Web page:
Multicast Extensions to the Security Architecture for the Internet Protocol
RFC 5374

Note: This ballot was opened for revision 09 and is now closed.

(Tim Polk) Yes

(Jari Arkko) No Objection

Comment (2007-12-19 for -)
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> A security gateway implementation of IPsec using the multicast
> extensions MUST use a tunnel mode SA, for the reasons described in
> Section 4.1 of [RFC4301]. In particular, the security gateway
> needs to use tunnel mode to encapsulate incoming fragments, since
> IPsec cannot directly operate on fragments.

Is there something specific to multicast about this requirement? RFC 4301 already requires the use of tunnel mode except in two special circumstances.

(Ross Callon) No Objection

(Lisa Dusseault) (was No Record, No Objection) No Objection

(Lars Eggert) (was No Record, No Objection) No Objection

Comment (2007-12-18 for -)
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Section 1., paragraph 2:
>    This document describes extensions to RFC 4301 that further define
>    the IPsec security architecture for groups of IPsec devices to
>    share SAs.

  Seems like it should update 4301.

(Russ Housley) (was Discuss) No Objection

(Chris Newman) (was Abstain) No Objection

(Jon Peterson) No Objection

(Mark Townsley) No Objection

Magnus Westerlund (was Discuss) No Objection

Comment (2008-01-10)
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3. Section 6.3.3.6:

  "In a transport mode multicast application GSA, the UDP checksum 
   operation requires the origin endpoint's IP address to complete 
   successfully. In IKEv2, this information is obtained from the 
   Traffic Selectors associated with the exchange [RFC4306, Section 
   2.23]. See also reference [RFC3947]. A facility that obtains the 
   same result needs to exist in a GKM protocol payload that defines 
   the multicast application GSA attributes for each Group Sender. "

It is good that this issue is brought up. In fact the NAT discussion section is really good. However, I think it might be beneficial to be even more blunt and say something like: "Unless the GKM has the facility the usage of transport mode is impossible across any NAT." But that may in any fact be a mote point in regards to (un)likely it is to get ESP in transport mode to traverse a NAT anyway. 

I am supportive of Sam's abstain and unless things are improved I will go to abstain when my Discuss has been resolved.

(Sam Hartman) Abstain

Comment (2008-01-07 for -)
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This is a strong abstain; I am asking other IESG members to consider
my comments and enter abstain or discuss positions if they agree.  I'm
also asking Tim to review whether he believes a yes vote is
appropriate.  The main reason I'm not entering a discuss is that I don't think I'll be on the IESG long enough to resolve it and I'm not sure there is a lot of energy left in msec.  My opinion is that having no document in this space would be better than publishing this spec.

My main problem is that RFc 4301 has a fairly detailed conceptual
model.  This document updates that model without sufficient clarity to
preserve the properties of the model.  I think having formal models
that are ignored in future specs  is one of the worst things we can do.  If we really believe that the level of detail in this document is what we want to see from future IPsec documents then we should deprecate the model in RFC 4301 and accept that implementations will provide rather different services using the IPsec wire protocols many of which do not meet the security requirements we hoped for out of the IPsec suite.  That path is not my preference, although it is far preferable in my mind to approving this document without making it clear that we have abandoned the RFC 4301 model.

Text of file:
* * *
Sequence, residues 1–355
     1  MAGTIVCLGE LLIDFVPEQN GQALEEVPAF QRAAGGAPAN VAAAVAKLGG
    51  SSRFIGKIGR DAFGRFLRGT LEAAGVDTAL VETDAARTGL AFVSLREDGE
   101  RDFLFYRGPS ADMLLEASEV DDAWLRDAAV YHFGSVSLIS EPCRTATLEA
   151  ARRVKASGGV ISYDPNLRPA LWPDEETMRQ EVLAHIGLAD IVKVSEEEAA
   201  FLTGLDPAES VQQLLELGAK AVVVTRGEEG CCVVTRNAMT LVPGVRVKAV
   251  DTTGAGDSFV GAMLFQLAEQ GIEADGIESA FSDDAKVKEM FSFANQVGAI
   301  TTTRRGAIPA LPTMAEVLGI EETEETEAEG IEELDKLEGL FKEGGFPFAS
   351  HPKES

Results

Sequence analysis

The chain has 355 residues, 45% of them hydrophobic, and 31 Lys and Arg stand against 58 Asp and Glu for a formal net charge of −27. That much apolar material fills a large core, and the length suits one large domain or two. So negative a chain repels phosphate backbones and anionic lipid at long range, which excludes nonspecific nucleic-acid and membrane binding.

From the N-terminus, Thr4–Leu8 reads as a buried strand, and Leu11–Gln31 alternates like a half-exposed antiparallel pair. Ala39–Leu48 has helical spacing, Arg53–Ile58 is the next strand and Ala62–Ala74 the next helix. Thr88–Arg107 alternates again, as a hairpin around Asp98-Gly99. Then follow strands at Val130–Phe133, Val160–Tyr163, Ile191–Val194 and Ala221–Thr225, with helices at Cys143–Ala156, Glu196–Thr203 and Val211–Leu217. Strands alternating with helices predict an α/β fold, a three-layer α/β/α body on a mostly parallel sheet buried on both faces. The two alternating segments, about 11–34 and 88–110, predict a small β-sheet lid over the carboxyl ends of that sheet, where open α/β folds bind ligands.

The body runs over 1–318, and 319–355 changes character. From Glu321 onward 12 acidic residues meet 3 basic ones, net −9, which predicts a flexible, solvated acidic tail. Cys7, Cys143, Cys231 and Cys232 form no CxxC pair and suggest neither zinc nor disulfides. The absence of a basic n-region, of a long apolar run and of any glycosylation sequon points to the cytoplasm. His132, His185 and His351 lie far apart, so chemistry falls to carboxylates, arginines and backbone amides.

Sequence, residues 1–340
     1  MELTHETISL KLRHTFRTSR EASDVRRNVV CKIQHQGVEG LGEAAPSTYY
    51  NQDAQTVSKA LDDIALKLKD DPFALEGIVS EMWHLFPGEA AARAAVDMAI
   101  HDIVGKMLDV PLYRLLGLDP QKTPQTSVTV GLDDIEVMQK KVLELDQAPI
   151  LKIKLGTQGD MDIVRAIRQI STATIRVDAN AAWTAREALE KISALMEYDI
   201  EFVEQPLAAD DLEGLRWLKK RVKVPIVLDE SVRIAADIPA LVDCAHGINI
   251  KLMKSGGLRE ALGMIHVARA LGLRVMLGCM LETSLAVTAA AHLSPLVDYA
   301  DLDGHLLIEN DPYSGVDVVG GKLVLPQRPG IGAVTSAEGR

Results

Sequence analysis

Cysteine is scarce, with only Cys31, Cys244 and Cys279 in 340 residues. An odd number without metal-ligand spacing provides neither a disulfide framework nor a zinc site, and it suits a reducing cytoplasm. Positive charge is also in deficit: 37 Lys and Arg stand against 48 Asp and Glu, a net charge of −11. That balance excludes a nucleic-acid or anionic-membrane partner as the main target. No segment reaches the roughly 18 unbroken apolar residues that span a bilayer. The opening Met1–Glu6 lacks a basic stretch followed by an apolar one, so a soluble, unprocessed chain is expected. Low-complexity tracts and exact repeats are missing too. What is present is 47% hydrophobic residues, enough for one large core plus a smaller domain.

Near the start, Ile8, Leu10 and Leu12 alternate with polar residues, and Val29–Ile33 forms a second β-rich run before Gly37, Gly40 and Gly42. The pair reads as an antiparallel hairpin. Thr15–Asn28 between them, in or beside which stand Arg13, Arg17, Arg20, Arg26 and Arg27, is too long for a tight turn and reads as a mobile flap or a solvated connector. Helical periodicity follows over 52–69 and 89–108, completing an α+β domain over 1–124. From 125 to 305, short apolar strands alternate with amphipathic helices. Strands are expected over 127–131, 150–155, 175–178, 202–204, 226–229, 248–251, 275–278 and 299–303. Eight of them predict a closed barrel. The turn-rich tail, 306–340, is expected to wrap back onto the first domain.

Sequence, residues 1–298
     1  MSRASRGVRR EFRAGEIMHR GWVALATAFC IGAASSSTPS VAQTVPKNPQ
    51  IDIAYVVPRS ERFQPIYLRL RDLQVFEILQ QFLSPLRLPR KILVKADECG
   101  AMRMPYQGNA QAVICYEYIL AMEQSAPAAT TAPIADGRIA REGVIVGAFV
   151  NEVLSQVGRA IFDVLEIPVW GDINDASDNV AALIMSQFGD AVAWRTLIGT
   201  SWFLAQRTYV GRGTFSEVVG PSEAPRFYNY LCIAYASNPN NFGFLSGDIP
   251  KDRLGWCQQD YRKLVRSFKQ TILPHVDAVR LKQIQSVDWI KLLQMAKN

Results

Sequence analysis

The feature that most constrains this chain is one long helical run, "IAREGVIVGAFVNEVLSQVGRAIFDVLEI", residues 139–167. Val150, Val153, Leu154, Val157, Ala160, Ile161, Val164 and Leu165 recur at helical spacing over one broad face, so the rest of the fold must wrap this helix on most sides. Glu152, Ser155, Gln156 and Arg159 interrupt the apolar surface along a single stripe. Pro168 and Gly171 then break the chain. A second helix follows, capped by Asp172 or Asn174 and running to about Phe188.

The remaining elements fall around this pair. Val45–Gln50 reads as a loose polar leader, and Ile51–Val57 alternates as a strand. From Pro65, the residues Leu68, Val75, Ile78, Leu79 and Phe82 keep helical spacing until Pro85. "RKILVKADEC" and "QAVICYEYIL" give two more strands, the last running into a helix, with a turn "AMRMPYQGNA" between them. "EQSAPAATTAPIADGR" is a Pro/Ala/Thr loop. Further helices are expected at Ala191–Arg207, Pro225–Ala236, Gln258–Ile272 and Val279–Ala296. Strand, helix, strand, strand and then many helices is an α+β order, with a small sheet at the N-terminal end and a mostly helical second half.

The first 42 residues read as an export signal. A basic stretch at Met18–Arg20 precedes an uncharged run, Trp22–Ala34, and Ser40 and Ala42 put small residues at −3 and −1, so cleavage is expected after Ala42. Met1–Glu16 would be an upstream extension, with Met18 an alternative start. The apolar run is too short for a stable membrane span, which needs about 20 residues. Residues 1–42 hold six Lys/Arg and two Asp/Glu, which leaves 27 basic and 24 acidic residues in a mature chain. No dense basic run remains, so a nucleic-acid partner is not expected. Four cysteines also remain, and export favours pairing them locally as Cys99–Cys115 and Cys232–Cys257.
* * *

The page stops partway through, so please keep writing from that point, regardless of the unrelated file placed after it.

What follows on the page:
My specific concern is that RFC 4301 specifies several data structures
including the SPD, PAD and specifies processing rules that use these
data structures.  With some carefully explained exceptions, the data
structures in RFC 4301 provide the necessary inputs and describe the
state needed for the algorithms in RFC 4301.  That is not true of the
changes proposed in this document.  For example one of the attributes
of a SA (and presumably security policy that triggers creation of an
SA) is whether the tunnel preserves addresses.  However neither the
sections describing the changes to the SAD or SPD actually note this new  information.  Other parts of the document do note that it needs to be kept track of.  Text in the document suggests that this is actually only a property of the GKM state and does not affect the IPsec machineary.  That seems incorrect to me: the SPD drives the GKM  and the SAD needs to give the IPsec implementation the necessary data to actually send ESP packets.

The description of PAD changes is even more confused.  In RFC 4301 the PAD is a ordered list  of authorized  peers.  It's not clear to me that  is true here.  It seems that this text envisions a PAD  that describes multicast groups more than specific authorized peers or groups of peers.  It's not clear to me that's even the same database  as contemplated by RFC 4301.  

How do address preserving tunnels interact with  SA selection when SAs are indexed by destination or source address?

Appendix A seems problematic.  It has a lot of normative statements
for an appendix.

(Cullen Jennings) Abstain

Comment (2008-03-05 for -)
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I find Sam's arguments here pretty convincing. The RFC 4301
architecture was pretty carefully crafted, and trying to 
rebuild it in flight seems like it needs to be done very
carefully.

(Dan Romascanu) Abstain

(David Ward) Abstain